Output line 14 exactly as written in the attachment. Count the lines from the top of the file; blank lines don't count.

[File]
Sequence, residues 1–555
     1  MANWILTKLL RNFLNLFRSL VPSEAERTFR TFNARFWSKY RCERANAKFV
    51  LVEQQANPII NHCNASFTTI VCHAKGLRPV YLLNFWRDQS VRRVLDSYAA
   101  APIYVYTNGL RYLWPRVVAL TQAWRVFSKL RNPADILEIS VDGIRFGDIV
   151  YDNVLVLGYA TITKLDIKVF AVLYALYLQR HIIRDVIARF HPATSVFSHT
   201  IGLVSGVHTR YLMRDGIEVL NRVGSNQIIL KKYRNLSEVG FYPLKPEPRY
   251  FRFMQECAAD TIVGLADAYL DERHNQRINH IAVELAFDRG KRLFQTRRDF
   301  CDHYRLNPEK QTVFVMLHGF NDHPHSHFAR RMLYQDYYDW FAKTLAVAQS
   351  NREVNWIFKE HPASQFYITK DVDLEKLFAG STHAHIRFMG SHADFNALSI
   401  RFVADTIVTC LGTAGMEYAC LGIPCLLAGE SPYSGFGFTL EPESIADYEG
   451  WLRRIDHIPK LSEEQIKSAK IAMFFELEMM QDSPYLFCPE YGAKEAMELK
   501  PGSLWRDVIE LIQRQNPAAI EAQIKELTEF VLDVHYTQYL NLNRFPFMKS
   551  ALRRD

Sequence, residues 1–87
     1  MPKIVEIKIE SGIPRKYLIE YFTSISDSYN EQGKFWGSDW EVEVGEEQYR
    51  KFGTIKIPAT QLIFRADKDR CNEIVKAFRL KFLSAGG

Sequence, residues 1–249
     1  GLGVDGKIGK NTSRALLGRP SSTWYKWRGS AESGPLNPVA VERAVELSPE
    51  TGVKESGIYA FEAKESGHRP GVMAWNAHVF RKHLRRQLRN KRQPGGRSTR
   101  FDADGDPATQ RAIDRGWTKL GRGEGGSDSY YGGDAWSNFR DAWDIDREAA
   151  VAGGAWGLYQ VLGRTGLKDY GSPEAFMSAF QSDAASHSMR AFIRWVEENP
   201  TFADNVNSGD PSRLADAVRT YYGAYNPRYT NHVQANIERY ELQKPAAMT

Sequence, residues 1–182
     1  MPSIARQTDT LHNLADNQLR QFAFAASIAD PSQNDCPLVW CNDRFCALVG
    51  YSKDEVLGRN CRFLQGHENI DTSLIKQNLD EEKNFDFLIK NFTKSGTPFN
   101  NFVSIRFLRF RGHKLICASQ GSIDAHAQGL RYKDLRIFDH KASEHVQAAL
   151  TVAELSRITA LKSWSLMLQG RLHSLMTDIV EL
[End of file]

Sequence, residues 1–87